Effects of weight loss and sodium reduction intervention on blood pressure and hypertension incidence in overweight people with high-normal blood pressure. The Trials of Hypertension Prevention, phase II. The Trials of Hypertension Prevention Collaborative Research Group.Arch Intern Med 1997; 157(6):657-67AI
To provide a firmer basis for preventing high blood pressure (BP), we tested interventions to promote weight loss, dietary sodium reduction, and their combination for lowering diastolic BP, systolic BP, and the incidence of hypertension during a 3- to 4-year period.
We conducted a randomized, 2 x 2 factorial, clinical trial, with BP levels measured by blinded observers. Nine academic medical centers recruited 2382 men and women (age range, 30-54 years) not taking antihypertensive drugs, with a diastolic BP of 83 to 89 mm Hg, a systolic BP lower than 140 mm Hg, and a body mass index (the weight in kilograms divided by the square of the height in meters) representing 110% to 165% of desirable body weight. Counseling aimed at helping participants achieve their desirable weight or a 4.5-kg or more weight reduction (in the weight loss and combined groups) and/or sodium intake of 80 mmol/d (in the sodium reduction and combined groups) was provided.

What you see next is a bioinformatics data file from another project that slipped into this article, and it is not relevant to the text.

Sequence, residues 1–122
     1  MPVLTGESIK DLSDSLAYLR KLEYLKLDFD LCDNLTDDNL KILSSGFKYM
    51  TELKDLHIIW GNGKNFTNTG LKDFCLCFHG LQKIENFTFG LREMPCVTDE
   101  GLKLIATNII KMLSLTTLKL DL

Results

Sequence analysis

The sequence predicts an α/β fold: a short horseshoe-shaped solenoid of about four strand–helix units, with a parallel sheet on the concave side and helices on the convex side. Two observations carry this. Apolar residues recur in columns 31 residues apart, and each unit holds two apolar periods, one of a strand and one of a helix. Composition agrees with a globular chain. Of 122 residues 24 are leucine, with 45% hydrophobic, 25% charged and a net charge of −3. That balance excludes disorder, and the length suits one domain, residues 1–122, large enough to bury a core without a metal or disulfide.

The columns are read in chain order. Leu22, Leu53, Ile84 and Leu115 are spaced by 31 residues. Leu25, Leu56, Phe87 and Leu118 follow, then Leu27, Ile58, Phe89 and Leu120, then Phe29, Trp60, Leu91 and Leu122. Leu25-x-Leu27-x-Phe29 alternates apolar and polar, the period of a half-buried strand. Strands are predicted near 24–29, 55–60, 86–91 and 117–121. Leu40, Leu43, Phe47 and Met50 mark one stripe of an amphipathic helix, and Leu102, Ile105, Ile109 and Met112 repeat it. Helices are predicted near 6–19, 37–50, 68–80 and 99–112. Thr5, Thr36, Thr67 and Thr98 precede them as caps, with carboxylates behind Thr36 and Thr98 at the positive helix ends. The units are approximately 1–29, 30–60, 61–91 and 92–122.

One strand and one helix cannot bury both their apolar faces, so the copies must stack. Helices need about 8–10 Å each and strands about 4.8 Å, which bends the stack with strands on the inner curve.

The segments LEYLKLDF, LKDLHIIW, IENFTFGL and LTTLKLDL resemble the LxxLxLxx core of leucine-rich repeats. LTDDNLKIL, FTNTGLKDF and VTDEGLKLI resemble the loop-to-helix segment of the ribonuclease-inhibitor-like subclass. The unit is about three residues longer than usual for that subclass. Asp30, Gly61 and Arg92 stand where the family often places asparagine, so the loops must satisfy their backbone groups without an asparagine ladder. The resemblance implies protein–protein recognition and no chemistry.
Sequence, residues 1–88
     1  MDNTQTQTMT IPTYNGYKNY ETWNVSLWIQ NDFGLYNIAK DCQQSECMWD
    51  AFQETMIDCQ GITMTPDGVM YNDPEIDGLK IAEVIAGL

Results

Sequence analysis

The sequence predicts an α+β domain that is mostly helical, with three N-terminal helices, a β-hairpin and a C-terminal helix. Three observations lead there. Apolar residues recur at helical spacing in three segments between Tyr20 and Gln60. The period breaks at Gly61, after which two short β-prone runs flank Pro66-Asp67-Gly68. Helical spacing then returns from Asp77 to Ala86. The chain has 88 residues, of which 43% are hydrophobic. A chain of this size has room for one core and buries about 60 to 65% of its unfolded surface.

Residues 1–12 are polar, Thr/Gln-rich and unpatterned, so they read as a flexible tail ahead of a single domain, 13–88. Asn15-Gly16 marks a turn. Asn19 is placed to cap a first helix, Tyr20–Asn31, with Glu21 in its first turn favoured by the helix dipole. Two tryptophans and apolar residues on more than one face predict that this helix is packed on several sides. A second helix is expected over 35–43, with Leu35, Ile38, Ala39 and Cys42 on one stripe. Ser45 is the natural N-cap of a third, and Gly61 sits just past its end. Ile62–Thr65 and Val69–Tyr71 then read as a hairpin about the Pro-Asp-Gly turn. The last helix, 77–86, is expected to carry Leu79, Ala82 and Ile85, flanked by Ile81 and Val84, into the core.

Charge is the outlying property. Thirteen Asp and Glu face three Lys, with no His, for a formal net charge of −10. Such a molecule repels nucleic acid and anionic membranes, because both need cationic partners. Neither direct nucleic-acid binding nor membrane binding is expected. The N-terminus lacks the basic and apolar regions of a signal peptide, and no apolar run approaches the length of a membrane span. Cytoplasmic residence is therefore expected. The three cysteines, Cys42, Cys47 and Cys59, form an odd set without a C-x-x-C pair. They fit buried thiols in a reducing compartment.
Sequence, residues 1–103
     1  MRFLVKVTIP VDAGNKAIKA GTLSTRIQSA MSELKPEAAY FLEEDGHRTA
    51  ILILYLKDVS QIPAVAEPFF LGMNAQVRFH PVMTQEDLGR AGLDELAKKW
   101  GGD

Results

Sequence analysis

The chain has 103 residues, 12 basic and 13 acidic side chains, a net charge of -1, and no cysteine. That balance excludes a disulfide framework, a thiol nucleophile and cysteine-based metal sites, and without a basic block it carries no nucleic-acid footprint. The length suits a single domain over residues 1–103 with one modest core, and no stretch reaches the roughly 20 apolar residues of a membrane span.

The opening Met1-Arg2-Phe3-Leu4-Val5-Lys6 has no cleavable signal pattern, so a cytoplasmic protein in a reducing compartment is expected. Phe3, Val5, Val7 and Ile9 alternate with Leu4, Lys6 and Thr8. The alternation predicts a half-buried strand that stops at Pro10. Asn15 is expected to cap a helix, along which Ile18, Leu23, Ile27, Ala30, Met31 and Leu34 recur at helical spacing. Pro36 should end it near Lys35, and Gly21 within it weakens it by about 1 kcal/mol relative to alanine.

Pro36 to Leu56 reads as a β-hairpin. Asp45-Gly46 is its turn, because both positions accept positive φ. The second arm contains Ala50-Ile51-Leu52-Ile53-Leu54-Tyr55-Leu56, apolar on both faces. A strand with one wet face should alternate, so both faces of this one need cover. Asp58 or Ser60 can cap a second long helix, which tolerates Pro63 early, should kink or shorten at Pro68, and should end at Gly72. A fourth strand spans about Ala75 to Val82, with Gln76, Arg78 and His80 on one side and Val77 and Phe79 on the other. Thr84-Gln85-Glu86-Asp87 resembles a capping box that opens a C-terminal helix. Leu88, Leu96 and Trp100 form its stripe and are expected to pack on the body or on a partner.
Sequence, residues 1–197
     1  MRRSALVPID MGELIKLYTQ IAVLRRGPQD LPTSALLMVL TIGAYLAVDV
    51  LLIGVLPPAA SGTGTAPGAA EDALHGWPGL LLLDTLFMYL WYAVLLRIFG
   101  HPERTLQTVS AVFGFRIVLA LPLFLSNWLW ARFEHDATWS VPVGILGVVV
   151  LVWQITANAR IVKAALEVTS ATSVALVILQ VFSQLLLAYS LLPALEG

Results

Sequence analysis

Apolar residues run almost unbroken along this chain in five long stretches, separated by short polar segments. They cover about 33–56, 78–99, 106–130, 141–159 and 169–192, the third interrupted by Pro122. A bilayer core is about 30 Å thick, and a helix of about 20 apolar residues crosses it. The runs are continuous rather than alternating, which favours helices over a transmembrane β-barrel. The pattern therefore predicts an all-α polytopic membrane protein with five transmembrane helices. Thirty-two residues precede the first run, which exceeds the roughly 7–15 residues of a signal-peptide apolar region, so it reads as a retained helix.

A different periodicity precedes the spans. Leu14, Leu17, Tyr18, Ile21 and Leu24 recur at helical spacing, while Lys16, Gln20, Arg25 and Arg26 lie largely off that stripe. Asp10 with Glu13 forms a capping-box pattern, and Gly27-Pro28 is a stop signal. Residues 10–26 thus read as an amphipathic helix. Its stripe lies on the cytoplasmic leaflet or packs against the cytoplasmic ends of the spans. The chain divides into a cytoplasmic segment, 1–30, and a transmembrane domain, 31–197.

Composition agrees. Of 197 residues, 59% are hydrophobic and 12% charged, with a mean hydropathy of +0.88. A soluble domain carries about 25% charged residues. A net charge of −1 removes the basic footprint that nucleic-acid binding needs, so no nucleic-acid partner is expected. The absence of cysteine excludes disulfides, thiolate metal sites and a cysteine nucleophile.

From baseline, participants' weight decreased by 4.3 to 4.5 kg at 6 months and by approximately 2 kg at 36 months in the weight loss and combined groups compared with weight changes in the usual care group (all groups, P < .001). Sodium excretion decreased 50 and 40 mmol/d at 6 and 36 months, respectively, in the sodium reduction group and about 15 mmol/d less at each time point in the combined group compared with the usual care group (all groups, P < .01). Compared with the usual care group, BP decreased 3.7/2.7 mm Hg in the weight loss group, 2.9/1.6 mm Hg in the sodium reduction group, and 4.0/2.8 mm Hg in the combined group at 6 months (all groups, P < .001). At 36 months, BP decreases remained greater in the active intervention groups than in the usual care group (weight loss group, 1.3/0.9 mm Hg; sodium reduction group, 1.2/0.7 mm Hg; combined group, 1.1/0.6 mm Hg). Differences were statistically significant for systolic and diastolic BP in the weight loss group and for systolic BP in the sodium reduction group. Through 48 months, the incidence of hypertension (BP > or = 140 mm Hg systolic or > or = 90 mm Hg diastolic or the use of antihypertensive drugs) was significantly less in each active intervention group than the usual care group (average relative risks, 0.78-0.82).
In overweight adults with high-normal BP, weight loss and reduction in sodium intake, individually and in combination, were effective in lowering systolic and diastolic BP, especially in the short-term (6 months). Although the effects on average BP declined over time, reductions in hypertension incidence were achieved.